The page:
Kishtwar : At The Himalayan Crossroads
Kishtwar today is just a district in the Jammu Division of the state of Jammu and Kashmir. It borders the Kashmir Valley on one side, Doda on the other, Zanskar in the North, Chamba in the South. It has been noticed by some hard core mainly foreign Monatineers in the past and even recently for the great climbing opportunities it offers in the Kishtwar Himalayas.
Ok coming to what I wanted to write about. The Great Himalayan Range and its related Ranges stretch from the Pamir Knot down to the Hengduan Mountains in North Western Kunming. Besides all the ethnic and cultural variety there are also a variety of Religions practiced in these Mountains. Since Religion is a hot topic of debate and discussion and even derision on the Himalayan Club I decided to write on a subject related to it. To me the Religion of a place carries as much value as the ethnicity or the culture or the language does.
In the Himalayas there is the basic presence of three of our great religions. In the Western and Northern part of the Western Himalayas it is Islam which dominates. However beyond the Himalayas in the North its Buddhism. Towards the Eastern and Southern Part of the Western Himalayas it is Hinduism. And of course Buddhism in the Trans Himalayan reaches. The Central Himalayas are a stronghold of Hinduism stretching all the way across to Sikkim. But again as a feature seen earlier its Buddhism which dominates the higher Himalayas and the Trans Himalayas. Beyond Sikkim its predominantly Buddhism which is the majority religion.
Its in Kishtwar that the three belief systems merge and hence it gives unique place in the Himalayas. The majority population follows Islam, a large minority follows Hinduism and a very small minority of Buddhists also exist in Kishtwar. Its in the upper reaches of Padar (which used to be called Paldar by the Ladakhis / Tibetans) that there are exist Buddhist villages which follow the same Tibetan Buddhist traditions that are followed across the Great Himalayan divide in Zanskar. Infact in some of these Villages in Kishtwar there still exists an animal which is associated more with Ladakh or Tibet ie the Yak. In the Padar Region in the upper reaches along the Machail River there are the twin hamlets of Halo and Hango on the left side of the Machail River and the Villages of Lossaini, Dangali, Scham and Jashari which are all Buddhist Villages.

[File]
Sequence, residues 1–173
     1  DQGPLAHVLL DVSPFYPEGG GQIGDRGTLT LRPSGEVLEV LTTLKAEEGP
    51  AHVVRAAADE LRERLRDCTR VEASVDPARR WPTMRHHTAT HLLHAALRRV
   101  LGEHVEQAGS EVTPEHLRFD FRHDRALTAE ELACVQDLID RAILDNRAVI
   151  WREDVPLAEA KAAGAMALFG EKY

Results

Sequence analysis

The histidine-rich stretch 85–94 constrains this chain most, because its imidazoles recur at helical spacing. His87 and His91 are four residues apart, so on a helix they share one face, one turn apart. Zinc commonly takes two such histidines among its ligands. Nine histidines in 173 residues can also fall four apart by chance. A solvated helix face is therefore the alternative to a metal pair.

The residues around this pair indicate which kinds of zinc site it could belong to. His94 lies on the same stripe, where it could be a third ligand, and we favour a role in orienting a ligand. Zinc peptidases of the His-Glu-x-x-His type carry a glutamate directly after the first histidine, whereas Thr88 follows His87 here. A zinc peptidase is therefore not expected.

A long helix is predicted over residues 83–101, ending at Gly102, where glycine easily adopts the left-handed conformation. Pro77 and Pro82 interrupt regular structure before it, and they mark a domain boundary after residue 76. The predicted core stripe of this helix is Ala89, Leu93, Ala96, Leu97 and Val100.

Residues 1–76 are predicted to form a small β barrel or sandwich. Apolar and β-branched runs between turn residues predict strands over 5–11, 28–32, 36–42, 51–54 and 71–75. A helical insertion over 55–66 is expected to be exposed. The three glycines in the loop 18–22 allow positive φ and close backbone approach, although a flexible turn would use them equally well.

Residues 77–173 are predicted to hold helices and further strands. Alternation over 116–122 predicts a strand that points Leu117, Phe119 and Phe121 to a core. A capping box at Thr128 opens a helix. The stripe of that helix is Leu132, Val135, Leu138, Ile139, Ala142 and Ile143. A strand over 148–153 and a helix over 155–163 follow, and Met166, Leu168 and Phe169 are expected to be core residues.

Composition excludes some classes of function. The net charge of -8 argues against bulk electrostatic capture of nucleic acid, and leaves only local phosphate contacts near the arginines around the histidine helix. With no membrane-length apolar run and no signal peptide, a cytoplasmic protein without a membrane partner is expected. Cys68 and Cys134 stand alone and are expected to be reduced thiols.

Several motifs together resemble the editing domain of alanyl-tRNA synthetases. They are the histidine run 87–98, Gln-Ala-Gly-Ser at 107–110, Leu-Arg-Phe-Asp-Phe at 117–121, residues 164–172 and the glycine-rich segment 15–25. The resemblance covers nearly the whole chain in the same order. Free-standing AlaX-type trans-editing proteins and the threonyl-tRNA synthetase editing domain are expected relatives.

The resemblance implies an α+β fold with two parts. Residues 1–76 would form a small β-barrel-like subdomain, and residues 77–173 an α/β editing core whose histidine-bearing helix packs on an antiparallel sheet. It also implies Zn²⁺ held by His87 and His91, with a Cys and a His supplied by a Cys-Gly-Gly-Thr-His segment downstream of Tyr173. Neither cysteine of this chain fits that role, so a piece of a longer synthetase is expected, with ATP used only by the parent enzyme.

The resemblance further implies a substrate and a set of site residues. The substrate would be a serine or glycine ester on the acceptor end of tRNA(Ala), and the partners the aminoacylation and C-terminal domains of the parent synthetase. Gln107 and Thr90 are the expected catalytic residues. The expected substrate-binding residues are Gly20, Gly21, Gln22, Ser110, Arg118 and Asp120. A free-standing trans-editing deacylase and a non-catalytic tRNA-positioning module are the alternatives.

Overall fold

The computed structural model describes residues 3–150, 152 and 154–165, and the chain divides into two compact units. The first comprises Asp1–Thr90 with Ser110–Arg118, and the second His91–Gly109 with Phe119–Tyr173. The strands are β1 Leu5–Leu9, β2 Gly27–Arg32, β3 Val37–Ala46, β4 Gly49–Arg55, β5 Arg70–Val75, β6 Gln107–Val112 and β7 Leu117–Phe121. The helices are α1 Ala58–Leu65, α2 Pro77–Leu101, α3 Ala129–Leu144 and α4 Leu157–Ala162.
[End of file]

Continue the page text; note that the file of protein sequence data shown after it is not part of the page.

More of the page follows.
Towards the south bordering Doda and Chamba are a majority of Hindus contiguous with the populations to the South. The main Kishtwar town and to the North of it are majority Muslim population many of whom have actually come in from adjoining areas in Kashmir. In Fact the Kashmiri spoken by the people in the Warwan Valley, which is a part of Kishtwar, is supposed to be the purest form of Kashmiri as it was spoken in the olden days. The Warwan Valley runs parallel to the Suru Valley in Ladakh separated by the Great Himalayan Range itself.
Kishtwar is first referred to in the Rajatarangini by the ancient name Kashthavata, during the reign of Raja Kalsa of Kashmir (1063–1089), when "Uttamaraja", the ruler of Kashthavata visited the court of the Kashmir King in company with several other hill chiefs to pay their respects to the Raja.
It was more or less an independent Hill Kingdom ruled by Rajput Hill Rajas as was the norm in the region. The Royal family had supposedly descended from the Royal family of Suket.
However subsequently a part of it also became a part of the Western Tibetan Kingdom and the one of the Kings divided his Kingdom between his sons and they got Zanskar, Purig and Kishtwar as separate Kingdoms. However in the absence of any written historical records of history of the Region the timelines are just approximate guesses and due to the Geography of the region it is well possible that a part of Kishtwar was under the Rajput Hindu Rajas and the more higher and remote areas like Padar was under the rule of Ladakhi/ Tibetan Rajas.
In the 17th Century the Rajas of Kishtwar converted to Islam so did a large part of the population. But in an odd adaption the Rajas, though Muslims by religion, had Hindu Rajput names and this continued till the 1820 when it was captured by Raja Gulab Singh, a vassal of Maharaja Ranjit Singh. The name of the last ruling was Raja Muhammed Teg Singh s/o Raja Inayatullah Singh. The campaign for the capture of the Kingdoms of Kishtwar, Reasi and Arnos was carried on by none other than General Zorawar Singh who subsequently became the Governor of these erstwhile Kingdoms and it was from here that he planned his invasions of Ladakh, Baltistan and Tibet. And one of his main Officers, Col Mehta Basti Ram, of the well known Mehta clan of Kishtwar, who campaigned fearlessly with General Zorawar Singh in all his Campaigns. After the death of General Zorawar Singh and the subsequent signing of the Treaty of Chusul, it was Col Mehta Basti Ram who became the first Governor of Ladakh.
As of today this most beautiful part (arguably) of Himalayas lies mostly unknown to outsiders except a few adventure seekers. Lying in the shadow of Kashmir and Ladakh but a part of Jammu that can give both these places more than a run for their money just with its amazing Geographical and Cultural diversity.